Trade is the real information superhighway. Open markets speed up the transfer of information and actually cushion the impact of change. Closed economies delay information about needed change, which guarantees that necessary change will be even more painful. Protectionists often speak of fair trade, but the issue is not what is fair, but what policies will help us to grow and raise people's standard of living in the long run.
Economic adaptability is so crucial to a nation's continued development that most economists advocate free trade even if all our trading partners keep their markets closed. Thus Wilhelm Röpke, the German economist whom Buchanan often cites admiringly, argued vigorously in post-World War II Germany for "the principle of absolute and even, if necessary, one-sided free trade."
Buchanan likes to say that no country, including Britain, developed without protection. Since every country has had trade protection to one degree or another that by no means indicates protection is necessary for development.
Cotton textiles, which became Britain's leading industrial sector, were unprotected; it was the older linen and woollen industries that hid behind tariff walls. Tariffs on wine mainly aided the beer brewers while taxing the working classes. The Corn Laws protected British agriculture just as industry was becoming dominant, as Japan's agricultural barriers destroy the benefits of its industrial success today by lowering that nation's standard of living. Contrary to popular belief, protection actually hampers exports by encouraging domestic firms to produce inefficiently goods for home consumption rather than working to develop industries that can sell abroad.
Like pundits now confused by downsizing and economic disruption, contemporaries of the Industrial Revolution were confused because its economic growth was certainly destabilizing, and this caused great anguish. Because average growth rarely exceeded 2 percent a year, contemporary writers remained oblivious to the revolutionary improvement in general human welfare wrought by those changes. They saw only the misery and suffering of the poor who were now concentrated in the cities. Yet after a century's growth, per capita income had tripled and quality of life improved substantially.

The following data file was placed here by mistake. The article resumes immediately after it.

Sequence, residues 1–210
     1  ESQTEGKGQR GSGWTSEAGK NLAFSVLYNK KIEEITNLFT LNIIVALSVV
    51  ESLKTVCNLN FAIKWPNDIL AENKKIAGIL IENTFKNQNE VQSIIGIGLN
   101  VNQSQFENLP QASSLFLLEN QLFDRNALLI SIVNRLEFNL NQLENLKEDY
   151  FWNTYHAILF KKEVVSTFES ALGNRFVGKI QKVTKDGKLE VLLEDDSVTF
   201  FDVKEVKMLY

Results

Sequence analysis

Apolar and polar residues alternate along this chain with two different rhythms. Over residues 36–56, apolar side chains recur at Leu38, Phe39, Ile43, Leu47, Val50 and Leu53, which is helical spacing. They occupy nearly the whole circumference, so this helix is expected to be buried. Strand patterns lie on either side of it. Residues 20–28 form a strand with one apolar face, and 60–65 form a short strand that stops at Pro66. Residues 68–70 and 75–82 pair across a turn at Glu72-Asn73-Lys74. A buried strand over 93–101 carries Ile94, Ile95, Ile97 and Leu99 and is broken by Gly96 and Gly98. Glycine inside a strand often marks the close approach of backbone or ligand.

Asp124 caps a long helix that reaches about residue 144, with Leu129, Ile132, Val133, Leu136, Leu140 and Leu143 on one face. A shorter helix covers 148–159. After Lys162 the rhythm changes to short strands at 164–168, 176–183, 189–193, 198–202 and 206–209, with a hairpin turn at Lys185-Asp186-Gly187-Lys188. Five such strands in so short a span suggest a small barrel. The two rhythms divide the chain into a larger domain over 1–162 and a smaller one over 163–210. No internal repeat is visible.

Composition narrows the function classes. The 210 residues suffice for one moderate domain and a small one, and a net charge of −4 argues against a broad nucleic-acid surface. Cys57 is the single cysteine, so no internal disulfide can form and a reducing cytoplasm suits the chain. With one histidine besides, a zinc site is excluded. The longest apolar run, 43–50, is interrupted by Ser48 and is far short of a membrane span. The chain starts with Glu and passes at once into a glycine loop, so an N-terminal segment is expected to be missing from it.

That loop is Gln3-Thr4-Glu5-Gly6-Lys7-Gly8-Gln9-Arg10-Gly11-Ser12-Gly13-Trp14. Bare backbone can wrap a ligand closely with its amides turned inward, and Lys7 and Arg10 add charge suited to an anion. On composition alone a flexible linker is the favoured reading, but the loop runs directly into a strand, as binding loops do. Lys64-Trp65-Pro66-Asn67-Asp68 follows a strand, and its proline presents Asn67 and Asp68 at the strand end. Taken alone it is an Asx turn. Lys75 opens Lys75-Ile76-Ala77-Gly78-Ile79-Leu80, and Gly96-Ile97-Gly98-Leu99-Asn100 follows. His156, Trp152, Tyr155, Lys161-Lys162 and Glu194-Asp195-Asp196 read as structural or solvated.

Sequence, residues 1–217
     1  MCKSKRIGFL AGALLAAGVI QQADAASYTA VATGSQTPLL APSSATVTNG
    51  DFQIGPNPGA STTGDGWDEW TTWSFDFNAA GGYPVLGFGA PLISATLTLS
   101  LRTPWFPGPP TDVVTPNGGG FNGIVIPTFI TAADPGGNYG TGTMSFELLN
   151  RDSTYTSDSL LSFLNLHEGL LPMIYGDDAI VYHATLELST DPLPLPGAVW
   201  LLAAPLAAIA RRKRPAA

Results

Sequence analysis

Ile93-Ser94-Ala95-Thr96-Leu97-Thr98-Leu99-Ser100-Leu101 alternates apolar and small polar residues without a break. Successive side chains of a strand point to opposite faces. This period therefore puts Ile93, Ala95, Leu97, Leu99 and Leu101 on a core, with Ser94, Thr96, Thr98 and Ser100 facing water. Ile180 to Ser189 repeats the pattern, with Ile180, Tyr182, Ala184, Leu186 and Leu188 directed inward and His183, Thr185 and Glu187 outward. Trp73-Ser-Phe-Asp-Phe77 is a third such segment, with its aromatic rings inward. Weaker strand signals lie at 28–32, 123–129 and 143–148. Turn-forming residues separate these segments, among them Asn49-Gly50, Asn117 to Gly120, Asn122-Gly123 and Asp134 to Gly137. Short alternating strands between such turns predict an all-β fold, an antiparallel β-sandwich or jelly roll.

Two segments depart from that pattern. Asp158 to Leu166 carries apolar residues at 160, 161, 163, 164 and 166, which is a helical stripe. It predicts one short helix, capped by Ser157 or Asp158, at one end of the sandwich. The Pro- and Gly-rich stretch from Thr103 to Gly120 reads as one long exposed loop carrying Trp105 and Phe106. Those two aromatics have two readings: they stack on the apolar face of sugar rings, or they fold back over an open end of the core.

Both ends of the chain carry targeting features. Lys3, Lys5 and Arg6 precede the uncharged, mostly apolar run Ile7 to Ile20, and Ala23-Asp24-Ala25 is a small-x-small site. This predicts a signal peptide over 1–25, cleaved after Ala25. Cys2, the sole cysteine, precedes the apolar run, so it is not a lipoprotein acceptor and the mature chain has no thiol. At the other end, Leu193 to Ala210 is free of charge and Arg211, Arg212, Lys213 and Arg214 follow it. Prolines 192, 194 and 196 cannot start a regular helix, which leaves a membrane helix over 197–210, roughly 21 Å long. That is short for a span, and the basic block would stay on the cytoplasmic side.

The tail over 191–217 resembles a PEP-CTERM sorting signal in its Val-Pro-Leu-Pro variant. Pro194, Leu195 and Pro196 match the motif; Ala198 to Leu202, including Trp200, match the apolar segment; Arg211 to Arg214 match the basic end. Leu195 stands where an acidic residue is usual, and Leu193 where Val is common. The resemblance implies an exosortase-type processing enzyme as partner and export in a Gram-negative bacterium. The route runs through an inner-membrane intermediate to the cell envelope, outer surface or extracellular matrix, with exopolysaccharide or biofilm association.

Many opposed the changes wrought by new technology and idealized the pre-industrial past. But any attempts to impede those developments would have probably left the people with the more traditional problems of poverty, famine, starvation, and a rigid class system based on ancestry rather than economic achievement.
Protectionists like to note that the United States had the highest tariffs of any industrial nation in the 19th century. But they do not note two things: First, all economic research suggests that the United States developed despite and not because of high tariffs. Indeed, until the Civil War, American average tariff levels were similar to those in liberal Britain, and they declined substantially from 1800 until 1860, when tariffs were raised. Second, and more important, America had virtually open markets for labor and capital.
Thus, the high costs of importing foreign manufactured goods were offset by the low costs of importing foreign workers. Large numbers of immigrants came to work from all over the world, putting pressure on the native work force. Restrictions on their entry were rudimentary and hard to enforce. Furthermore, it was relatively simple to invest in the United States, with its advanced capital markets and a lively financial sector that was leniently regulated.
Most important is that given the size of the unexplored frontier and the explosive growth of the American population, merchandise trade was of relatively little importance in the 19th-century United States. Neither exports nor imports were very important for American producers, with the exception of agriculture. Hence tariffs were imposed over the objections of the defeated Southern states, which suffered the most from protectionism. And America was at least as open as most other countries to the changes that characterized the period of late industrialization.